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Before We Were Free by Julia Alvarez
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Before We Were Free

by Julia Alvarez

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This little volume explores how Anita (12 going on womanhood) feels as her family struggles to survive the revolution to overthrow the Trujillo regime in the Dominican Republic. Her view is simplistic and focused on the realities of her familial experience - colored with the emotion of first love and the adoration of a child for her father. I've read Alvarez before, and so far I like this book best.

It's not quite as powerful as [The Diary of a Young Girl] by Anne Frank, but it's a very good book re the Dominican experience under Trujillo. Recommended for young adults. ( )
  BookConcierge | Feb 11, 2016 |
*SPOILERS* Anita de la Torre lives in the Dominican Republic which is ruled by "El Jefe," the country's despotic ruler. Anita doesn't think much about her limited freedoms until her relatives begin fleeing to the U.S., her Tio Toni disappears, her father is involved with secret calls and meetings, and the secret police raid their home. Anita and her mother are forced into hiding for several months at a friend's home before they too flee. In the end, Anita's father and uncle are killed in retaliation by the secret police. Story inspired by experiences of the author and her family.
  Salsabrarian | Feb 2, 2016 |
This is the story of a young girl growing up in the Dominican Republic during the Trujillo regime. Her entire family is heavily involved with the opposition movement, and many of them have fled to the United States. I love the voice of the main character. She is struggling with the normal issues of a young teenager, while also living under an oppressive regime where much of her family is in very real danger. A good read for adults, both young and old. ( )
  klburnside | Aug 11, 2015 |
I recommend this book because, it has a unique plotline, and is full of interesting characters and settings. The book kept me turning pages, because it was addicting and the events were fascinating throughout the story. This book is full of suspense, making me turn the pages to see what happened next. I relate to the character Anita, because just like her I am sort of caring for my family and my friends. Just like her, I am also at times childish, and am very clueless of my surroundings. The plot was suspenseful, and had new unexpected events constantly, which kept me on my toes too see the outcomes. The theme was well developed, because it is not super cliched, like other stories. I personally responded to this book with a sort of sad feeling. This book is full of sad events, that make you think about how you would feel. Especially because the main character Anita, was around my age. I learned from this book, that you should always be brave, and stand up for your anything that you don’t believe is right. This changed the way that I thought about history, and how cruel dictatorship was. All that power in one person's hands, is too much to account for. ( )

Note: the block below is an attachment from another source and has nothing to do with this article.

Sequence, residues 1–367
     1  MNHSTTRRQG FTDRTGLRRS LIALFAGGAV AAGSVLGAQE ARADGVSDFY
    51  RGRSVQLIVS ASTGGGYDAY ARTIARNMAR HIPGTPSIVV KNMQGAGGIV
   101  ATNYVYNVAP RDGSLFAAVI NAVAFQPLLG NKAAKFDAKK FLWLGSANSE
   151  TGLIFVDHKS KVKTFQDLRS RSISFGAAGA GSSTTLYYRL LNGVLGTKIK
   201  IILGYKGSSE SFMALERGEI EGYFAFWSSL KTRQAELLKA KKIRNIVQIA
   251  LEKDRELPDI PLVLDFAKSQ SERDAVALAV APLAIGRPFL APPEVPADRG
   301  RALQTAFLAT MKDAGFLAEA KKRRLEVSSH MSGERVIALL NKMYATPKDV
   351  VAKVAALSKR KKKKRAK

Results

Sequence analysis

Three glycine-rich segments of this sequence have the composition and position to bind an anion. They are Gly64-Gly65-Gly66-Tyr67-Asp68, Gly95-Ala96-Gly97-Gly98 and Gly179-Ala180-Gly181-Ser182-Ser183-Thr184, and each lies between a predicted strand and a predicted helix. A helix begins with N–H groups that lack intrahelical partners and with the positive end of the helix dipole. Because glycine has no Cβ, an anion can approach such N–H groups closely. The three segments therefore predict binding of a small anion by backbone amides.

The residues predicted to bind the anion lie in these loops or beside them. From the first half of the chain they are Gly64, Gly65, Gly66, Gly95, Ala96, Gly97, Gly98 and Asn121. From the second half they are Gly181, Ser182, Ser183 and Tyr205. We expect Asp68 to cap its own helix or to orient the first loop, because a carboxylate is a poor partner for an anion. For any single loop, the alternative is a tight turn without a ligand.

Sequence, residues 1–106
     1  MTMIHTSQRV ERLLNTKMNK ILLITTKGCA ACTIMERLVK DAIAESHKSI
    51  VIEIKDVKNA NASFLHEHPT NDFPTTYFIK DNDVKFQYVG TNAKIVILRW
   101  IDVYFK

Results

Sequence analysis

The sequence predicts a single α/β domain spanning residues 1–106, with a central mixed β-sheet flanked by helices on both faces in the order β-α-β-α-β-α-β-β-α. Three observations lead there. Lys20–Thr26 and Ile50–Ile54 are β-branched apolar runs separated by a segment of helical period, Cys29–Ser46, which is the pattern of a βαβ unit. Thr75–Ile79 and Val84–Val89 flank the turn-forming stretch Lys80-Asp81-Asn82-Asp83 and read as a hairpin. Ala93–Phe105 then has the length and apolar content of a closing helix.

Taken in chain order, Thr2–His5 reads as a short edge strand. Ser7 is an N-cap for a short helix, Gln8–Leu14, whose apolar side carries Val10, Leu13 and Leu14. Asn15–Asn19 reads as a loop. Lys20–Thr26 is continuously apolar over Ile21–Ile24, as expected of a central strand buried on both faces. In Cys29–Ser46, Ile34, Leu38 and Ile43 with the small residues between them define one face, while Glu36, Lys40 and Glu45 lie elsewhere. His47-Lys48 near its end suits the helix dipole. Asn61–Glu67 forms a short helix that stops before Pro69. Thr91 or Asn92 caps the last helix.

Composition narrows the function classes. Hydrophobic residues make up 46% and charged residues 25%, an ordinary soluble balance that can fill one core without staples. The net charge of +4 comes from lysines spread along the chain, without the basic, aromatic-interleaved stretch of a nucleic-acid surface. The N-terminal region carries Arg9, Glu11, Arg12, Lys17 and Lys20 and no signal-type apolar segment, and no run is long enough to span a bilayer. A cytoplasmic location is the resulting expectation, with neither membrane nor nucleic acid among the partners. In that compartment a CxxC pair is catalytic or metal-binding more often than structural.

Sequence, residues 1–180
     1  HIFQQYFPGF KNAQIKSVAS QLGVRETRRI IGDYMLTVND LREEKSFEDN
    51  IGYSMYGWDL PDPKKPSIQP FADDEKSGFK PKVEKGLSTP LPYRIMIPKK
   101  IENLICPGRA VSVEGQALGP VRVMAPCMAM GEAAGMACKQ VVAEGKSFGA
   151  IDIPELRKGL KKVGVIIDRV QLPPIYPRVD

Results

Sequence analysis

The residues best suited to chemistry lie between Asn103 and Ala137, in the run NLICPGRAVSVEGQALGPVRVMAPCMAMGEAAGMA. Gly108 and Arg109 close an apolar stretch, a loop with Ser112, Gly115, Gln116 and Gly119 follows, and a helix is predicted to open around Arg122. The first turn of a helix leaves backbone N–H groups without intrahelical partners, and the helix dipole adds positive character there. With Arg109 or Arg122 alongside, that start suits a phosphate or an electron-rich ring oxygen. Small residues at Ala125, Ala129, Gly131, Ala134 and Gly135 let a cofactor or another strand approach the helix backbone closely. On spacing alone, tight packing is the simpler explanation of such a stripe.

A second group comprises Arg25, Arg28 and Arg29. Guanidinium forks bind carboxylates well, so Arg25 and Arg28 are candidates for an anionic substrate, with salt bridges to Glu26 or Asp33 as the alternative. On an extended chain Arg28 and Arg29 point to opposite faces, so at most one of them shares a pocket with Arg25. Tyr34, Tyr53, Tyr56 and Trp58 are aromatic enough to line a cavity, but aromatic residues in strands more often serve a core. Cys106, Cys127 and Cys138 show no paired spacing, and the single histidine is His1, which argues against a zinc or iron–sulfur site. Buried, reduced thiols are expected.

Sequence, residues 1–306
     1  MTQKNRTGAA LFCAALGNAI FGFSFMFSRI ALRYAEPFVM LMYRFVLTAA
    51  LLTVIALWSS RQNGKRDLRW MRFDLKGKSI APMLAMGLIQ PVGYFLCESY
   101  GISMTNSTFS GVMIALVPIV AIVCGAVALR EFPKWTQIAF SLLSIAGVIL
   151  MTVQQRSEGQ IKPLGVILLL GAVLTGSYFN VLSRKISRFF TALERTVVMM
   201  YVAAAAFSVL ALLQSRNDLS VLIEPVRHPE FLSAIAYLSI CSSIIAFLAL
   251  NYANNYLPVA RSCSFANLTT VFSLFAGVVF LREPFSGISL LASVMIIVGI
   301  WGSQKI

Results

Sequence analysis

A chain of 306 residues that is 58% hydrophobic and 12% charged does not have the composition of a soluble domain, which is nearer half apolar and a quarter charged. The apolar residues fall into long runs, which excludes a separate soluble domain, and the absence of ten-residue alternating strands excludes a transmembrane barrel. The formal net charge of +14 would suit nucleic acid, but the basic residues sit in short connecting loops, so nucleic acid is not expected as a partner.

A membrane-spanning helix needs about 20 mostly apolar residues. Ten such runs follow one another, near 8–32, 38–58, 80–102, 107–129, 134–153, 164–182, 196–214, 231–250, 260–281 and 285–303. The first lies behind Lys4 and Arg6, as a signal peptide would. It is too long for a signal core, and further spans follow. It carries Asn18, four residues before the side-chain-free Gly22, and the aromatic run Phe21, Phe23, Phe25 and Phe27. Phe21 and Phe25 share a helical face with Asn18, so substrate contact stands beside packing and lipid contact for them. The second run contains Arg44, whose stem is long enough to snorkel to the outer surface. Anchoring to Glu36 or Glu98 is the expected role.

Sluper1 | Apr 12, 2015 |
BBYA 2002; RGG: Important story of a family's experience opposing the Trujillo dictatorship in 1960's Dominican Republic. Told from the point of view of a twelve-year-old girl, who ends up in hiding. Prose seems a bit stilted.
  rgruberexcel | Mar 26, 2015 |
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for those who stayed
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"May I have some volunteers?" Mrs. Brown is saying.
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Amazon.com Amazon.com Review (ISBN 044023784X, Mass Market Paperback)

What would life be like for a teen living under a dictatorship? Afraid to go to school or to talk freely? Knowing that, at the least suspicion, the secret police could invade your house, even search and destroy your private treasures? Or worse, that your father or uncles or brothers could be suddenly taken away to be jailed or tortured or killed? Such experiences have been all too common in the many Latin American dictatorships of the last 50 years. Author Julia Alvarez (How the Garcia Girls Lost Their Accents) and her family escaped from the Trujillo regime in the Dominican Republic when she was 10, but in Before We Were Free she imagines, through the stories of her cousins and friends, how it was for those who stayed behind.

Twelve-year-old Anita de la Torre is too involved with her own life to be more than dimly aware of the growing menace all around her, until her last cousins and uncles and aunts have fled to America and a fleet of black Volkswagens comes up the drive, bringing the secret police to the family compound to search their houses. Gradually, through overheard conversations and the explanations of her older sister, Lucinda, she comes to understand that her father and uncles are involved in a plot to kill El Jefe, the dictator, and that they are all in deadly peril. Anita's story is universal in its implications--she even keeps an Anne Frank-like diary when she and her mother must hide in a friend's house--and a tribute to those brave souls who feel, like Anita's father, that "life without freedom is no life at all." (Ages 10 to 14) --Patty Campbell

(retrieved from Amazon Thu, 12 Mar 2015 18:11:03 -0400)

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In the early 1960s in the Dominican Republic, twelve-year-old Anita learns that her family is involved in the underground movement to end the bloody rule of the dictator, General Trujillo.

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